Of course, the villain notices that his key is gone, and later that night, he goes down to the wine cellar to investigate. Grant and Bergman had accidentally broken a bottle that contained a suspicious powder (which we later figure out is uranium), then hastily cleaned it up as they had to leave the room quickly to avoid detection. Later that night, our villain sees nothing wrong... but decides to look closer. He scans the wine bottles on the shelf. The camera moves from bottle to bottle, displaying a finger and a year. The first several bottles say 1934, but eventually we get to one that is out of place, a 1940 bottle. This is the sort of thing that bad cinema would avoid, favoring lengthy exposition about how the Nazi's employed a labeling system for all their work and that looking at the years would confirm whether or not they had been tampered with. Instead, Hitchcock simply shows us the years, and we figure out what he's looking for.
Of course, there are many other famous shots in the film (such as the first appearance of Madame Sebastian), but I don't have time to go through them all. This film will most certainly end up on my Top 100 list, when I get around to creating it. Last week, I listed a bunch of films I wanted to catch up with before I compiled the top 100 list. I was a little unsure if this was a good idea, though, as great films usually get better with repeated viewings. Would I really find something worth putting on the list after a single viewing? Well, Notorious certainly fits the bill. Of course, I've watched it twice this weekend, and I've watched some of these scenes several times while writing this post, but what do you expect from a truly great film that I loved. It's perhaps not totally perfect, but it's close, and the story hangs together much better than Hitchcock's earlier works (see my Hitchcock category archives for more). To be sure, the spy story is a bit contrived, but the important thing isn't the spying or the Nazis or the uranium, it's Bergman and Grant's relationship. The rest is just window dressing (what Hitchcock infamously refers to as the MacGuffin). There were already 4 Hitchcock films on my preliminary top 100, so this would make 5. It's possible that a sixth will emerge as well, though I think that if that happens, one of the initial 4 will be driven off the list. We'll see, I guess.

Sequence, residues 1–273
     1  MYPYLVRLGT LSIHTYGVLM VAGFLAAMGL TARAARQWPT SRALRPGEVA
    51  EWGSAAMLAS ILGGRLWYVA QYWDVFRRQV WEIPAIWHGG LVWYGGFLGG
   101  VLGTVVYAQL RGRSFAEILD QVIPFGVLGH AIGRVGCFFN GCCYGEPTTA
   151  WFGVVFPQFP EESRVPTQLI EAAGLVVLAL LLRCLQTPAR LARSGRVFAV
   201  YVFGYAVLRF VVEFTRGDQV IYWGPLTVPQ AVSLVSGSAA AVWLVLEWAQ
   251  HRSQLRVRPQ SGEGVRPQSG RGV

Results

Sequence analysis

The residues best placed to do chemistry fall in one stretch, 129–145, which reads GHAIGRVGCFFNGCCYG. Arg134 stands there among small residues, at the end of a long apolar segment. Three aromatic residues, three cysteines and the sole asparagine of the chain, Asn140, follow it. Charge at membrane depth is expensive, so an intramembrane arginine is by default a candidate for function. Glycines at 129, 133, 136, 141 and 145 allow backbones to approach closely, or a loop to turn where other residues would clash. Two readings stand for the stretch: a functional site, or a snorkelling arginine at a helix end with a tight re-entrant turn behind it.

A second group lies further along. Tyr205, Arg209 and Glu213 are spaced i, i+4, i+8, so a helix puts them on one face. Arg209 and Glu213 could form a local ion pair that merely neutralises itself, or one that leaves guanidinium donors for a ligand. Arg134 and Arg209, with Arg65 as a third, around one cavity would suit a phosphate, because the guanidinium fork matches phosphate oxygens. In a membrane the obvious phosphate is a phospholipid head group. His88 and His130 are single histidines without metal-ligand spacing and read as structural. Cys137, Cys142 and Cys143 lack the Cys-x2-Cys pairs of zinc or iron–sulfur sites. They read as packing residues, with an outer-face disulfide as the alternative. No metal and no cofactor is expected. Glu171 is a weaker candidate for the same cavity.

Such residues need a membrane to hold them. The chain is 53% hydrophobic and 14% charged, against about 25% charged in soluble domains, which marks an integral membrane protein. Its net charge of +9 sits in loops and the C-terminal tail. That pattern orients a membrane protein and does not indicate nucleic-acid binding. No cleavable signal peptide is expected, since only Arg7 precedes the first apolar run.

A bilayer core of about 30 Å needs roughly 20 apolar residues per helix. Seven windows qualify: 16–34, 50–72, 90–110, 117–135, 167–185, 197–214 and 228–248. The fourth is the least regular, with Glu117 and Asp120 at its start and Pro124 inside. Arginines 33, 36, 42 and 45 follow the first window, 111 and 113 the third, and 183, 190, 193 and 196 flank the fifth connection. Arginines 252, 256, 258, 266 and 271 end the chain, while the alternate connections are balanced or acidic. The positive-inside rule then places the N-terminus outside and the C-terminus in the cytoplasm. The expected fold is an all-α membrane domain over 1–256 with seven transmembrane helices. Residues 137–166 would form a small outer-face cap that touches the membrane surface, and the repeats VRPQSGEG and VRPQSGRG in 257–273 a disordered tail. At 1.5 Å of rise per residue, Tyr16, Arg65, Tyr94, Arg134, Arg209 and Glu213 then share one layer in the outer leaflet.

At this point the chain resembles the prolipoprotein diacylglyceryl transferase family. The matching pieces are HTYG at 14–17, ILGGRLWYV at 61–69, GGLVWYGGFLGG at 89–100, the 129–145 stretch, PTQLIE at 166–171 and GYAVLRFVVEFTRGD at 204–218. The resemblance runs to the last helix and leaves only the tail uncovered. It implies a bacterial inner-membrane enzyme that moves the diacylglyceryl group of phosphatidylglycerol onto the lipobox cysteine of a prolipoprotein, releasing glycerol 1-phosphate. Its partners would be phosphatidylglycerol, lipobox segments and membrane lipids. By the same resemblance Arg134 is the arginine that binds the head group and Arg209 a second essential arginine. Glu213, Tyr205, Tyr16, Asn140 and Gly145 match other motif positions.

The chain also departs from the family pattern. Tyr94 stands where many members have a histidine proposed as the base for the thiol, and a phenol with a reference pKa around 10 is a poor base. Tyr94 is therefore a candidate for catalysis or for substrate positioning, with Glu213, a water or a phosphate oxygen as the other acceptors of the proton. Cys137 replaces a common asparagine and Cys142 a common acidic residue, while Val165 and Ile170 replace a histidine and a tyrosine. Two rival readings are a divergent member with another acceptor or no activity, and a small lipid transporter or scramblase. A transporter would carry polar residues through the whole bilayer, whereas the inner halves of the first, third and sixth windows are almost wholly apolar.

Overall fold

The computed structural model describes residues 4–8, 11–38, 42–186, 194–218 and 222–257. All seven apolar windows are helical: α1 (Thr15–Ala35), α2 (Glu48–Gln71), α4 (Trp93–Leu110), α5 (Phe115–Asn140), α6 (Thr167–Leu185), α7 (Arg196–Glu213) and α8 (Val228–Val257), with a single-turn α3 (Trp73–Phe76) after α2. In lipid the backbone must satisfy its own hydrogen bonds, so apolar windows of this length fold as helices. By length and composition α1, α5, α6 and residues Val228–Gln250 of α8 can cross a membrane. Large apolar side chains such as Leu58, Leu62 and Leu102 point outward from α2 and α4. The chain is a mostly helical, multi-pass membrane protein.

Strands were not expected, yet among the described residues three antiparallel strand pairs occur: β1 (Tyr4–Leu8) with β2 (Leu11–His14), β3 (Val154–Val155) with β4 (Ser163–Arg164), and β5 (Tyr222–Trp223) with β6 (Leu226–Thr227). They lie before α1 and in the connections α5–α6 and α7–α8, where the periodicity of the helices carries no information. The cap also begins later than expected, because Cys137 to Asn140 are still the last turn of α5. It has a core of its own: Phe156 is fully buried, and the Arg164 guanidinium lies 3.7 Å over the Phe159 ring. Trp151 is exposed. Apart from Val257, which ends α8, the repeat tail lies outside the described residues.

Posted by Mark on July 15, 2007 at 08:33 PM .: link :.
Sunday, May 21, 2006
The Man Who Knew Too Much
My little Hitchcock marathon continues with the 1934 thriller, The Man Who Knew Too Much. This was a breakthrough international success and it was also critically acclaimed as a new high in suspense films. However, while this film exhibits much more of a mastery of technique than his previous efforts, it's still not indicative of his later brilliance. There are many great scenes and great shots in this movie, but the plotting and pacing problems that plagued his other early films are still in evidence (although there was a big improvement). The plot has enormous holes in it, but the themes and conventions are pure Hitchcock and it's not without a certain sense of charm.
The story concerns a married couple vacationing in the Alps with their daughter. They're befriended by a French man who, naturally, is shot. It turns out that the man was a spy, and just before he dies, he tells the couple of a plot to assassinate an important diplomat in London. To keep the couple from talking to the police, the assassins kidnap the couple's daughter and hold her hostage. The movie is filled with excellent scenes and shots, but the plot holes hold the film back from total brilliance. Spoilers, screenshots and more below!
The film also displays some Hitchcockian humor, something that was somewhat lacking in his previous films. For instance, there's a clever sequence towards the beginning of the film involving a group of people on a dancefloor that get tangled up in string. Later, a scene at a dentist's office approaches slapstick.
I always bring a gun to the dentist's office.
A hilarious scene at a church approaches downright silliness as the father and his friend attempt to communicate by singing plot points to each other to the tune of the hymns (thereby disguising their conversation from their fellow churchgoers).
We must sing the plot now, so as not to be detected.
Later, the father's friend gets hypnotized by the head of this (rather strange) Church. Naturally, she's in league with the assassins.
She's not as good as hypnotoad, but she'll do.
Cornered by the criminals at the Church, our hero starts a... chair fight. This sequence is literally minutes long, as our hero throws chairs at the criminals, who decide not to use their guns to return fire, but to throw chairs back at the hero instead. By the way, it's not clear in the screenshot below, but if you look closely, you can see that the man has a cigarette in his mouth. That's right, he initiates this chair fight with a cigarette dangling from his mouth.